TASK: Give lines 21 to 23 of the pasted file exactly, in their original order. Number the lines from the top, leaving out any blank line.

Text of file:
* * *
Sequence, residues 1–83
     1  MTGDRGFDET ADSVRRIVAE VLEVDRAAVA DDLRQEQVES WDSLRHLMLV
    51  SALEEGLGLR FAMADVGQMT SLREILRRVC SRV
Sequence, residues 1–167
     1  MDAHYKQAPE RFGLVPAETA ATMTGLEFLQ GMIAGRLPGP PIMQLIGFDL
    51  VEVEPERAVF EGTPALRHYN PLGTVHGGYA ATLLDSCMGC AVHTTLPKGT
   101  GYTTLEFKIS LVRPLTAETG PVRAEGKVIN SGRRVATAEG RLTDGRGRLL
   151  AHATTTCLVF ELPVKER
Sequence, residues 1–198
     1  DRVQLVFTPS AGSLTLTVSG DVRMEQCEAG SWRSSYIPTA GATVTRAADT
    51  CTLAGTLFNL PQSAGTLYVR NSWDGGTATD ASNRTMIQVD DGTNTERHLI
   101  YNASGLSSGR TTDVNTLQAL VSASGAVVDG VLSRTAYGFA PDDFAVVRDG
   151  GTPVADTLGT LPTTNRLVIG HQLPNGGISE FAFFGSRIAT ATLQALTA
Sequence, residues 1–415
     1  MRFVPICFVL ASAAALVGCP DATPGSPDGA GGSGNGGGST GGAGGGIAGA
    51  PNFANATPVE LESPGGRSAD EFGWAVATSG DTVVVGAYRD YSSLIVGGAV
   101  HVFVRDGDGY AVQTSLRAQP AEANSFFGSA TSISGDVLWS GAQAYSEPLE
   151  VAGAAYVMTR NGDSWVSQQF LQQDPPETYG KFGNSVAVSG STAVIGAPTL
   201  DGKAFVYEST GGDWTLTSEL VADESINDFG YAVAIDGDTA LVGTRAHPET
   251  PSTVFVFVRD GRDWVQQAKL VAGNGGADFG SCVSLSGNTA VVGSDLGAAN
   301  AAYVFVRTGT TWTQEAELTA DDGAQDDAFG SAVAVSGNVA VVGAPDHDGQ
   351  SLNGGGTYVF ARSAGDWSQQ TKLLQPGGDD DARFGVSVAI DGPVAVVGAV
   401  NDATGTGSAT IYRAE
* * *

   301  AAYVFVRTGT TWTQEAELTA DDGAQDDAFG SAVAVSGNVA VVGAPDHDGQ
   351  SLNGGGTYVF ARSAGDWSQQ TKLLQPGGDD DARFGVSVAI DGPVAVVGAV
   401  NDATGTGSAT IYRAE